Substantially pure compositions of at least about 90 to 95% homogeneity are preferred, and 98 to 99% or more homogeneity are most preferred for pharmaceutical uses.
Once purified, partially or to homogeneity as desired, if to be used therapeutically, the polypeptides should be substantially free of endotoxin.
Methods for expression of single chain antibodies and/or refolding to an appropriate active form, including single chain antibodies, from bacteria such as E. coli have been described and are well-known and are applicable to the antibodies of this invention. See, Buchner et al., Anal. Biochem. 205:263-270 (1992); Pluckthun, Biotechnology 9:545 (1991); Huse et al., Science 246:1275 (1989) and Ward et al., Nature 341:544 (1989), all incorporated by reference herein.
Often, functional heterologous proteins from E. coli or other bacteria are isolated from inclusion bodies and require solubilization using strong denaturants, and subsequent refolding. During the solubilization step, as is well-known in the art, a reducing agent must be present to reduce disulfide bonds. An exemplary buffer with a reducing agent is: 0.1 M Tris pH 8, 6 M guanidine, 2 mM EDTA, 0.3 M DTE
(dithioerythritol). Reoxidation of the disulfide bonds can occur in the presence of low molecular weight thiol reagents in reduced and oxidized form, as described in Saxena et al., Biochemistry 9: 5015-5021 (1970), incorporated by reference herein, and especially described by Buchner et al., supra.
Renaturation is typically accomplished by dilution (e.g., 100-fold) of the denatured and reduced protein into refolding buffer. An exemplary buffer is 0.1 M Tris, pH 8.0, 0.5 M L-arginine, 8 mM oxidized glutathione (GSSG), and 2 mm EDTA.
As a modification to the two chain antibody purification protocol, the heavy and light chain regions are separately solubilized and reduced and then combined in the refolding solution. A preferred yield is obtained when these two proteins are mixed in a molar ratio such that a 5 fold molar excess of one protein over the other is not exceeded. It is desirable to add excess oxidized glutathione or other oxidizing low molecular weight compounds to the refolding solution after the redox-shuffling is completed.

VI. Pseudomonas Exotoxin and Other Toxins Toxins can be employed with antibodies of the present invention to yield immunotoxins. Exemplary toxins include ricin, abrin, diphtheria toxin and subunits thereof, as well as botulinum toxins A through F. These toxins are readily available from commercial sources (e.g., Sigma Chemical Company, St. Louis, MO). Diphtheria toxin is isolated from Corynebacterium diphtheriae. Ricin is the lectin RCA60 from Ricinus communis (Castor bean). The term also references toxic variants thereof. For example, see, U.S. Patent Nos. 5,079,163 and 4,689,401. Ricinus communis agglutinin (RCA) occurs in two forms designated RCA60 and RCA120 according to their molecular weights of approximately 65 and 120 kD, respectively (Nicholson & Blaustein, J.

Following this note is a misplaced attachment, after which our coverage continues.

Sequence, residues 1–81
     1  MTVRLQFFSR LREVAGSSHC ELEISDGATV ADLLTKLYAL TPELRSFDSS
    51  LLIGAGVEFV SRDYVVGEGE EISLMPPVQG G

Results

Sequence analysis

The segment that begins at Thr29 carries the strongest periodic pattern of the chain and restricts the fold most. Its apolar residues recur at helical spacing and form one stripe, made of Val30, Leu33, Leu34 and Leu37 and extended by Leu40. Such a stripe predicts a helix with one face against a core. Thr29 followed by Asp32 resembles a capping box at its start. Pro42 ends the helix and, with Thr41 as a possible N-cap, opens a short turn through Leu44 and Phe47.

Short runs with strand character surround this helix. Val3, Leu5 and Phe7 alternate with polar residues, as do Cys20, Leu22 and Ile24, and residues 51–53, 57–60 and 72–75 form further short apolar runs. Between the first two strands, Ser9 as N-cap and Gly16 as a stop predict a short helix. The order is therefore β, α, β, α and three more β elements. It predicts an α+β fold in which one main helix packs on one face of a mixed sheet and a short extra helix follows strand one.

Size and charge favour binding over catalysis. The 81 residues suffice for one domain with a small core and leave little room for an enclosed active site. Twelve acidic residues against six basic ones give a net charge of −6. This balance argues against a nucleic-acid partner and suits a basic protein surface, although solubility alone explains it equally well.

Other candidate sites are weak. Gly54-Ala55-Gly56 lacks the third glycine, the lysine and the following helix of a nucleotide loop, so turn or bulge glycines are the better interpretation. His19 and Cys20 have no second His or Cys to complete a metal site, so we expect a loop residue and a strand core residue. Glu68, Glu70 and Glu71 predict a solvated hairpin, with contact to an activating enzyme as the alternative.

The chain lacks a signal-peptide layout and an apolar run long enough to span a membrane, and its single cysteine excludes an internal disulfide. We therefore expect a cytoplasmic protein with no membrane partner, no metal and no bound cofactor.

Biochim.
Biophys. Acta 266:543 (1972)). The A chain is responsible for inactivating protein synthesis and killing cells. The B chain binds ricin to cell-surface galactose residues and facilitates transport of the A chain into the cytosol (Olsnes et al., Nature 249:627-631 (1974) and U.S. Patent No. 3,060,165).
Abrin includes toxic lectins from Abrus precatorius. The toxic principles, abrin a, b, c, and d, have a molecular weight of from about 63 and 67 kD and are composed of two disulfide-linked polypeptide chains A and B. The A chain inhibits protein synthesis; the B-chain (abrin-b) binds to D-galactose residues (see, Funatsu et al., Agr. Biol. Chem. 52:1095 (1988); and Olsnes, Methods Enzymol. 50:330-335 (1978)).